Charges were filed against a Highland man accused of causing a crash that resulted in the death of a woman in Washington County last year.
Charging documents state Christopher Weaver, 37, is facing criminal homicide, a second-degree felony, and speeding, an infraction, in Washington County court.
Witnesses told police that Weaver was seen driving eastbound on state Route 9 in a black Ford truck at a high rate of speed while approaching the intersection with Telegraph Street.
Several eastbound cars were stopped at the traffic light when Weaver reportedly approached from behind and struck a Mazda 3.
Charging documents state the impact pushed the Mazda into the vehicle stopped in front of it, causing other vehicles to be hit.
The driver of the Mazda was severely injured and later died because of multiple blunt force injuries sustained in the crash.
Weaver was transported to Dixie Regional Medical Center for treatment of minor injuries.
Charging documents state Weaver was not wearing a seat belt at the time of the crash and was thrown into the windshield of his truck.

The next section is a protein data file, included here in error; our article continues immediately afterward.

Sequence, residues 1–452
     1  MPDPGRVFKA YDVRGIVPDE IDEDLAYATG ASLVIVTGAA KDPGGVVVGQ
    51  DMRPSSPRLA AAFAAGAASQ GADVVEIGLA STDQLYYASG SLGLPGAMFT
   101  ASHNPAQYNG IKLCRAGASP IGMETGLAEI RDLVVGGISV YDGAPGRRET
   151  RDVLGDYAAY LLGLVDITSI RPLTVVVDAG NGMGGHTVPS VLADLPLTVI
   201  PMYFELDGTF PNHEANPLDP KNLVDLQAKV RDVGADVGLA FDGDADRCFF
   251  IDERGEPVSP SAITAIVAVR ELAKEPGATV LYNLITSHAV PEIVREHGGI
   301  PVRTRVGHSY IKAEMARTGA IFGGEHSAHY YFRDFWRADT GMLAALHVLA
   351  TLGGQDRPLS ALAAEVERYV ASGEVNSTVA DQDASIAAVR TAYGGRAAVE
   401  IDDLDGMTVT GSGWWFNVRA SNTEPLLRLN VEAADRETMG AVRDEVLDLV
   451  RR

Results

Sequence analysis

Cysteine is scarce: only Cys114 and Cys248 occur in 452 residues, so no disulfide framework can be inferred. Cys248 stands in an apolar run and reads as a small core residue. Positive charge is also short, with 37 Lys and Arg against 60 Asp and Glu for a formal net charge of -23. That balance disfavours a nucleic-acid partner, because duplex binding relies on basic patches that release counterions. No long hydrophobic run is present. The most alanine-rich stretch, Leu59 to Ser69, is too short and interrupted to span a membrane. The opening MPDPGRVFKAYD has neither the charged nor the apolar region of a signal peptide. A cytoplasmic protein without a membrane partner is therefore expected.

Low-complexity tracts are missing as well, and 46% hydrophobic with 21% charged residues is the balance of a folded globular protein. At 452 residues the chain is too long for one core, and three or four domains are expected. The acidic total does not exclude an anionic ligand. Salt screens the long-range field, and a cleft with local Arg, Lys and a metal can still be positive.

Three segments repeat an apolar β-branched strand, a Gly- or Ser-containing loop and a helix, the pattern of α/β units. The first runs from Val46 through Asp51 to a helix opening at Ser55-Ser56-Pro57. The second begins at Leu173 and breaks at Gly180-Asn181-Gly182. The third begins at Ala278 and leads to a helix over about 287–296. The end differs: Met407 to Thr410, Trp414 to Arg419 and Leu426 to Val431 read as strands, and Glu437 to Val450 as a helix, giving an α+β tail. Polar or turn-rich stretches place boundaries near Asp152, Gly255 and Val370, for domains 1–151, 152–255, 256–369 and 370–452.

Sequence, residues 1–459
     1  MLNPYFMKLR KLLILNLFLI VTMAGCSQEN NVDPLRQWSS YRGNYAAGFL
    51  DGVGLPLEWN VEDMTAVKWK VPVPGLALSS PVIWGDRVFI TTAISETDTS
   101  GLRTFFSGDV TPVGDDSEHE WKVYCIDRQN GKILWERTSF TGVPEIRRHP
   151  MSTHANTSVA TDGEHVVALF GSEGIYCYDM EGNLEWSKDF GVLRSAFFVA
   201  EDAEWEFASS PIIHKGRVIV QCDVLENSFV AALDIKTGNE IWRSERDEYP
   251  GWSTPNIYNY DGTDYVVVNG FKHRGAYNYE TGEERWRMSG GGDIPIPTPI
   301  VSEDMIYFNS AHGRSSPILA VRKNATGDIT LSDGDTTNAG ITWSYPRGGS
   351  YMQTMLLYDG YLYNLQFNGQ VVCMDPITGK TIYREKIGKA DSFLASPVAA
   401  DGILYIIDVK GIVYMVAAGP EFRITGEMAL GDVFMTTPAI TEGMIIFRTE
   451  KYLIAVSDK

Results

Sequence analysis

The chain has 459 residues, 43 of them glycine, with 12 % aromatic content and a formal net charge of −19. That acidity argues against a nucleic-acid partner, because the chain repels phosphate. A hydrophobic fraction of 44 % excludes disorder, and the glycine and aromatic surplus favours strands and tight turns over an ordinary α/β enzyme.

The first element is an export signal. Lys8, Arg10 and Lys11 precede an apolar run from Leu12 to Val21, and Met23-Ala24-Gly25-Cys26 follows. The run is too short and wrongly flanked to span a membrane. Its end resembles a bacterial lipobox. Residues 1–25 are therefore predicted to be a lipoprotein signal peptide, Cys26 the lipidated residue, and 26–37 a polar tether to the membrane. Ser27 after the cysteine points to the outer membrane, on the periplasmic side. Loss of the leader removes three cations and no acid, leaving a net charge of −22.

The 37 year old told detectives he was heading to the Chevron at the corner of SR-9 and Telegraph Street before going to work.
"To get to the Chevron or his workplace, would require defendant to enter the left hand turn lane at the intersection and turn left on Old Highway 91," court documents state. "Defendant, however, impacted the Mazda in the number one eastbound lane on SR-9. Defendant told officers he did not know what lane he was in upon impact."
When asked if he had blacked out, Weaver said he believed he did, adding that he also had problems with his brakes. Charging documents state that despite Weaver's claim of blacking out, he was able to recall the color of the Mazda that he hit.
Authorities conducted a crash study following the incident and confirmed that there was excessive wear on Weaver's truck brakes. It also showed Weaver was traveling 12 miles above the 60 mph speed limit.
When he began to brake just before impact, he hit the Mazda at 75 mph.
Weaver told police that he was taking the drug Gabapentin, but his drug test came back negative for Gabapentin and positive for Oxycodone, court documents state.
Authorities confirmed Weaver had not been given Oxycodone at the hospital on the day of the crash.
"Officers were unable to find any evidence of distractions that would have contributed to the defendant crashing into the Mazda," charging documents state.
Individuals charged in complaints are presumed innocent unless or until proven guilty beyond a reasonable doubt in a court of law.